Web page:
New Zealand scraps most remaining COVID rules as cases drop

New Zealand on Monday lifted most of its remaining COVID-19 restrictions as the government signaled a return to normal for the first time since the pandemic began.

People will no longer be required to wear masks in supermarkets, shops, buses or planes. The last remaining vaccination mandates – on healthcare workers – will end. And tourists will no longer need to be vaccinated to visit the country.

The government has announced that it is abandoning its so-called COVID traffic light framework altogether and leaving only two main restrictions in place – that those who test positive for the virus self-isolate for seven days and that people wear protective clothing. masks when visiting health care facilities such as hospitals and nursing homes.

The changes come as an outbreak of the omicron variant wanes and the Southern Hemisphere winter ends. The number of cases in New Zealand is at its lowest since February.

“The changes we made today are significant. They mark an important step in our response,” said Prime Minister Jacinda Ardern. “This is a time when finally — rather than feeling that COVID is dictating what happens to us, our lives and our future — we take back control.”

She said the changes will help boost business activity, which is vital for the country’s economic recovery.

“It will be the first summer in three years where the question will not arise: what if?” Arden said.

The end of government restrictions won’t stop individual workplaces or shops from imposing their own rules, although most people expect mask use to drop as soon as government restrictions just end. before midnight Monday.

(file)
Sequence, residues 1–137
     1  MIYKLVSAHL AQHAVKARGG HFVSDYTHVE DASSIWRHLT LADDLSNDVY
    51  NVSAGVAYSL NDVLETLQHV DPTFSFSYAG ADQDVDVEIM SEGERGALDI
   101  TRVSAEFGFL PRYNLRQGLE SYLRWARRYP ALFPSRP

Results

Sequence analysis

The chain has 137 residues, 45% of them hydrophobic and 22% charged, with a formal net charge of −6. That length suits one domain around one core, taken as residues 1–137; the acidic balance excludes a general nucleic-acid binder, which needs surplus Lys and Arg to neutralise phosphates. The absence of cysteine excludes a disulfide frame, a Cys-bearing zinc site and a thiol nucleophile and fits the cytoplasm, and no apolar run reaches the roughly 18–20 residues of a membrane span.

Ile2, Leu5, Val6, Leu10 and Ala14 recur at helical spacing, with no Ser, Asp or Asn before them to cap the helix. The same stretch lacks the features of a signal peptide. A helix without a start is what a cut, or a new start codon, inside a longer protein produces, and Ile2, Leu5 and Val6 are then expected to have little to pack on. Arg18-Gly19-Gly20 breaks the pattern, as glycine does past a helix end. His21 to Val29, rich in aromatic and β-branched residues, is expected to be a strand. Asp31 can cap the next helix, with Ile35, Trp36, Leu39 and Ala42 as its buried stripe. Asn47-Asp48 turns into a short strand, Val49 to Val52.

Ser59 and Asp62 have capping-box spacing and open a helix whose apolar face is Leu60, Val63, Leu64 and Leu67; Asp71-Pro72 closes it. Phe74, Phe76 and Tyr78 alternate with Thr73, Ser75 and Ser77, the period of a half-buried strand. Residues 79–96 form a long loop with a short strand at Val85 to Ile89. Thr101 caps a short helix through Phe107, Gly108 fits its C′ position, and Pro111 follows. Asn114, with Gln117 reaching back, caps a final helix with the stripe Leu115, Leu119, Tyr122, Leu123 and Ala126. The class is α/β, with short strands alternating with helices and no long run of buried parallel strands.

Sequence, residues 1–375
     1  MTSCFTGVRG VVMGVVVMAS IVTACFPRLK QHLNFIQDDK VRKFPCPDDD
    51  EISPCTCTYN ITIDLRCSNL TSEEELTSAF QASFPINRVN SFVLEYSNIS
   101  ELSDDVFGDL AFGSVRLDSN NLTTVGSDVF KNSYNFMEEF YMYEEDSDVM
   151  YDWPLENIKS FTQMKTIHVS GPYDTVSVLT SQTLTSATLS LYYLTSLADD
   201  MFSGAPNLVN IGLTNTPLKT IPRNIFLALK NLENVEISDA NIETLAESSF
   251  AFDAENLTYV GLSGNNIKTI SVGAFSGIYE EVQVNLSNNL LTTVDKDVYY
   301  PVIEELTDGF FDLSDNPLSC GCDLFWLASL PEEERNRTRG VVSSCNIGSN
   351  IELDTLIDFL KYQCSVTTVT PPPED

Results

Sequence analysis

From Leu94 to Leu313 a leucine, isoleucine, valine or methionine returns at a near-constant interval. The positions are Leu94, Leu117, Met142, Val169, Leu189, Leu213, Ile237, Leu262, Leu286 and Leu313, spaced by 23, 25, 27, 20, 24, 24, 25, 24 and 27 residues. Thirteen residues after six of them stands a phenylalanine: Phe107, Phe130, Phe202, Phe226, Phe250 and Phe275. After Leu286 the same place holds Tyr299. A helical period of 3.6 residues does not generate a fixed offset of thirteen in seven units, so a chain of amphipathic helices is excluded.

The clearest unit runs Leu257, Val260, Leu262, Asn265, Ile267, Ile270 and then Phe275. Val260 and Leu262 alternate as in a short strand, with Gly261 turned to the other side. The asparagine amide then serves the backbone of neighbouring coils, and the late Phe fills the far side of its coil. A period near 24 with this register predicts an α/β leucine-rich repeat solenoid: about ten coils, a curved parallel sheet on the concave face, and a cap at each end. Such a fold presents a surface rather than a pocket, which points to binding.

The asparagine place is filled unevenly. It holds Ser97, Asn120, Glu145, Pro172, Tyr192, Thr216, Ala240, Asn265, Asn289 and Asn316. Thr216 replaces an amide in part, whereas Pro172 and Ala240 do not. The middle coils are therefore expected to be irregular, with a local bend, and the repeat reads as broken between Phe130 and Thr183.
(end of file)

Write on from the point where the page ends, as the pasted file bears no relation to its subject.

These measures have been welcomed by business leaders.

BusinessNZ chief executive Kirk Hope said it was encouraging to see the government put its faith in individual businesses again.

“No two sites are the same and each company can decide what works for their own environment when it comes to minimizing the spread of COVID-19,” he said.

New Zealand had initial success in the fight against the pandemic, managing to completely eliminate the virus after closing its borders and carefully tracing contact cases. But his approach changed as more transmissible variants proved impossible to eliminate.

As recently as March, the country of 5 million had reported just 65 virus deaths. Since an omicron wave took hold, that number has risen to nearly 2,000. But that’s still low compared to death rates in many other countries.


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Edward L. Robinett